Despite what federal lawmakers remark on the recurring issue, producers in Montana feel strongly about what BSE findings say about the cattle industry.
Jan McDonald is the Treasurer of the Montana Cattlemen’s Association and a producer who runs 1,200 acres of pastureland near Fairfield.
“It's a proven fact that I don't know that there's another country that produces the quality of beef that the United States does. The future of agriculture is not really promising.” She said.
McDonald, Montana Cattlemen’s Association, and other producers and organizations alike, advocate for Country-of-Origin Labeling (COOL).
“Educate the consumer as to the situation. If you're walking down the street and just talk to anybody and say, ‘do you know what you buy when you go to the grocery store?’ They'll say, they haven't got a clue. You go to the restaurant, and you ask them where their beef was raised from. They can't tell you. We feel that people have the right to know.”
Montana Farmers Union is a major proponent, along with Senator Tester for Country-of-Origin Labeling.
President of Montana Farmers Union, Walter Schweitzer said in a press release, "The announcement of yet another Mad Cow case in Brazil emphasizes the need for mandatory country of origin labeling.”
Bills introduced to ban the import of Brazilian beef were introduced in November 2021, after delayed reporting cases of atypical BSE. The Northern Ag Network reported the senators said it is a routine occurrence with Brazil waiting months or years to report similar cases in 2019, 2014, and 2012.
Grande, who represents the Montana Stockgrowers Association believes that COOL would not be a fix-all solution, and it’s a personal choice of the consumer knowing if their beef is a product of Mexico, Canada, or the United States. A marketing issue that needs to be worked out with the USDA and other organizations that handle label marketing.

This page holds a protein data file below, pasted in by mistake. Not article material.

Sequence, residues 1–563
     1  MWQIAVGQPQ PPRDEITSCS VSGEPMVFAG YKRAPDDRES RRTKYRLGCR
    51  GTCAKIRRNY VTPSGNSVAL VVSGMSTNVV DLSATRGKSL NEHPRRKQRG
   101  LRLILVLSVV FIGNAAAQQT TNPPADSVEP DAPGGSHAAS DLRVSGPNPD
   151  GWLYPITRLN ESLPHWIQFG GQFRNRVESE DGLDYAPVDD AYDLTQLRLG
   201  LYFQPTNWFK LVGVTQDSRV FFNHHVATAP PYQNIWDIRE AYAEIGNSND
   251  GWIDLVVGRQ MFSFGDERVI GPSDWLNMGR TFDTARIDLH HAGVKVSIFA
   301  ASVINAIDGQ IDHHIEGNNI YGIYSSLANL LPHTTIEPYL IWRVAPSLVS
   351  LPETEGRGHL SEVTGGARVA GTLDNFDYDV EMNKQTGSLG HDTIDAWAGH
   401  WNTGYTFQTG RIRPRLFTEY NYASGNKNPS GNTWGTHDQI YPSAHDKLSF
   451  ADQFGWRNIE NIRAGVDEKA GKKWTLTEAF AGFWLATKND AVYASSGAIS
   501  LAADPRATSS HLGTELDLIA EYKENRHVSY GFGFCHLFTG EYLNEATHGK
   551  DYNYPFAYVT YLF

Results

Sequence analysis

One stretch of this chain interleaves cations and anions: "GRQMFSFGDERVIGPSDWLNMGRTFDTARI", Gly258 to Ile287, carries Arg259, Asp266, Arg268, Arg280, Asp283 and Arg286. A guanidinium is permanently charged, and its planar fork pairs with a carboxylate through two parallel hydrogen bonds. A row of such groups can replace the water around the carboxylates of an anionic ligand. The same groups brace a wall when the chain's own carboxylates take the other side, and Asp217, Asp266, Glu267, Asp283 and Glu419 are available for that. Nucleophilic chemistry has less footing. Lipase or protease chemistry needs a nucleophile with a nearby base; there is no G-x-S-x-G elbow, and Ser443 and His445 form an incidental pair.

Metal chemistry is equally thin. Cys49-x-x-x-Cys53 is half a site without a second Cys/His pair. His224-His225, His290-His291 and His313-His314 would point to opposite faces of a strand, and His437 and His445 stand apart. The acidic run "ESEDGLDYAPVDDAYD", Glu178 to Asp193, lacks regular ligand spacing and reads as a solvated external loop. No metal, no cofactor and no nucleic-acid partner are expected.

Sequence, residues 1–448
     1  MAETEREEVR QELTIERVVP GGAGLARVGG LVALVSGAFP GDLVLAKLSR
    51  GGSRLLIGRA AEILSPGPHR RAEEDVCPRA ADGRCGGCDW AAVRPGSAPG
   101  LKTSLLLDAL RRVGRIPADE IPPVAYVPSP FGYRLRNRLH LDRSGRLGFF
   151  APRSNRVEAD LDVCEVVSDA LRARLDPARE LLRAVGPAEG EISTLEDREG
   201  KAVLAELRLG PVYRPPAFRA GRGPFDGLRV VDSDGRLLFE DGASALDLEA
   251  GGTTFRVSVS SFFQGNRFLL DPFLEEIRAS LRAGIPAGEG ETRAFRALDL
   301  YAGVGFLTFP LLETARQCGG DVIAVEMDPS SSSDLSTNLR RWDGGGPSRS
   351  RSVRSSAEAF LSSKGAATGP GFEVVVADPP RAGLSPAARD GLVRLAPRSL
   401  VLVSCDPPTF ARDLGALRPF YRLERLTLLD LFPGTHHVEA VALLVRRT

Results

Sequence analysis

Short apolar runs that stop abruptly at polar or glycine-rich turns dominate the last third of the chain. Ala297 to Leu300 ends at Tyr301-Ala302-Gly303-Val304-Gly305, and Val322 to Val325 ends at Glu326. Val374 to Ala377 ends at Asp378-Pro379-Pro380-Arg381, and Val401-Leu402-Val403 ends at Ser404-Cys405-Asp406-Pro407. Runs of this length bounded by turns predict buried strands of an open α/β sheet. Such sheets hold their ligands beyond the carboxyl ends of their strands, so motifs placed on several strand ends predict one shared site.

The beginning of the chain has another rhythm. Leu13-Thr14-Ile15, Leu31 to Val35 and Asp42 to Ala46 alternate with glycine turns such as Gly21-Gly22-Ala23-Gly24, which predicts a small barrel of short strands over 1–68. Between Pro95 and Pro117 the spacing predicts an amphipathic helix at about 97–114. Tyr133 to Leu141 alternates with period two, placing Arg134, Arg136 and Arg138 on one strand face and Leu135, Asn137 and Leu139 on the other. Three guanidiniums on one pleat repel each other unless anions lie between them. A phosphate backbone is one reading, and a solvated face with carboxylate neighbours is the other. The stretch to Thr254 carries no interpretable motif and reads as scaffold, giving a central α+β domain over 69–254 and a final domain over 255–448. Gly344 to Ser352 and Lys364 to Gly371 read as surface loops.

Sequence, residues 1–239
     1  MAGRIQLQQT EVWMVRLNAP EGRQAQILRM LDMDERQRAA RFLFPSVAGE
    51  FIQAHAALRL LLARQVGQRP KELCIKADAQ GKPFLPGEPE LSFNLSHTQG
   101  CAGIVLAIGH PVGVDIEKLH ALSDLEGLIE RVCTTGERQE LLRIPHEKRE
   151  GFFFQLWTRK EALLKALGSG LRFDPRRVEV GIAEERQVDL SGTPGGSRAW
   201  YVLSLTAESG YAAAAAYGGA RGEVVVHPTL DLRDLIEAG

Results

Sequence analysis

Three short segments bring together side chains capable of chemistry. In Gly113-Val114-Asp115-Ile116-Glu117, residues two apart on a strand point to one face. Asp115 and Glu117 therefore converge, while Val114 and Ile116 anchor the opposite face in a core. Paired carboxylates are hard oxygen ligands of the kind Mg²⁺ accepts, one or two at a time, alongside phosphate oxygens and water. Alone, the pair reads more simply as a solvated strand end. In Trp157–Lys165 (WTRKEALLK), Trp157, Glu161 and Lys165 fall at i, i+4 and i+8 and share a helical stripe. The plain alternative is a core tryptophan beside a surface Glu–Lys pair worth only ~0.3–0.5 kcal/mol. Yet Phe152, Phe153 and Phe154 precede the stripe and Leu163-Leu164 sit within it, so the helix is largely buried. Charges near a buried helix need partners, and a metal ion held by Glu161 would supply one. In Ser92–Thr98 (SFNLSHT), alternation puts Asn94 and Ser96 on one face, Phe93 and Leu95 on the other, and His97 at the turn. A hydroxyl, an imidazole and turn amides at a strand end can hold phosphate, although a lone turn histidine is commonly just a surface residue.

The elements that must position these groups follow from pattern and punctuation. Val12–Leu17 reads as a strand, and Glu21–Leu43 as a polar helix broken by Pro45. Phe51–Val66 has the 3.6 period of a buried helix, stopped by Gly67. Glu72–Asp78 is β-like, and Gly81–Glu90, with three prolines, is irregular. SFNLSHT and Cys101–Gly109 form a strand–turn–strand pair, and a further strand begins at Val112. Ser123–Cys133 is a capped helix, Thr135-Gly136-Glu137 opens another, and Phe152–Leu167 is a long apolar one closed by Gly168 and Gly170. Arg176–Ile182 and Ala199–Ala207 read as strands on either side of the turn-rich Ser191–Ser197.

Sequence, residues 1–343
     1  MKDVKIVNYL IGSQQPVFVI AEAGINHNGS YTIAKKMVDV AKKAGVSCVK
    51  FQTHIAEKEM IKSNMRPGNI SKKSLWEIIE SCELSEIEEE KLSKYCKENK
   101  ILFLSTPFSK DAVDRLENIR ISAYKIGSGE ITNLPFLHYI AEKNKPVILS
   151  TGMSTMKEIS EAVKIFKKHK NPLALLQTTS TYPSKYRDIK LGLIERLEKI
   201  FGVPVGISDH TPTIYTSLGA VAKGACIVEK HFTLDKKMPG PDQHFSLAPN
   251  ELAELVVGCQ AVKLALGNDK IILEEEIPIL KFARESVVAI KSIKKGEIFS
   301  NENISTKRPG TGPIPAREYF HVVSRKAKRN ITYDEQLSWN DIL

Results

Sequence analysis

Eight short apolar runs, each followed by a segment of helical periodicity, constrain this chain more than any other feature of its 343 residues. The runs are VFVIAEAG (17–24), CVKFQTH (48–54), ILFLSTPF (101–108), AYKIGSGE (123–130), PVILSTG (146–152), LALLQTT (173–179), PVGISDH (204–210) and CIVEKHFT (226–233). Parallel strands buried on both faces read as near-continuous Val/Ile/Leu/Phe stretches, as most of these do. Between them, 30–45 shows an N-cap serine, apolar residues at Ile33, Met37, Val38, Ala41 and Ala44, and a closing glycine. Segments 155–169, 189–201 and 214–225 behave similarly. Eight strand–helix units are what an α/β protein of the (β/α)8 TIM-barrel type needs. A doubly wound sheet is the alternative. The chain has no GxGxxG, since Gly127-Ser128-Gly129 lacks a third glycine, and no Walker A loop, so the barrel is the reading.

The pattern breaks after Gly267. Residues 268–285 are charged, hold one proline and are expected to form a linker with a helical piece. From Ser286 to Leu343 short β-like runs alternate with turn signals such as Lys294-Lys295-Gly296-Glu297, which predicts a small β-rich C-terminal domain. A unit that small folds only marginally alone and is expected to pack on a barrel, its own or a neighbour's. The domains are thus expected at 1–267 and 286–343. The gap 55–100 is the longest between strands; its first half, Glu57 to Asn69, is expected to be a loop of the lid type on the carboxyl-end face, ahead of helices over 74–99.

While McDonald, who represents small producers and Montana Cattlemen’s Association says the consumer should have to opportunity to know where their dollar spent on beef is raised.
The United States currently does not require beef and pork to provide origin labeling on products. Currently, no cases of BSE have been reported in the United States. With Brazil showing constant negligence in reporting cases of Mad Cow, it is a cover of lenient food safety procedures.
The concern still lies in exposing American cattle herds to Foot and Mouth Disease and African Swine Fever.
In a study done by Iowa State University, humans who eat BSE-contaminated beef products can develop a disease called, variant Creutzfeldt-Jakob disease (vCJD). The disease is labeled a “variant” to distinguish it from a different disease found in humans called classic Creutzfeldt-Jakob disease (CJD). If a human were to contract such issues, as the disease progresses, incoordination and dementia develop, followed by coma and death.
The risk of acquiring vCJD in the United States is extremely low. The United States has regulations to prevent BSE-infected beef from entering the market. According to Iowa State University, milk, and other milk-based products are thought to be safe.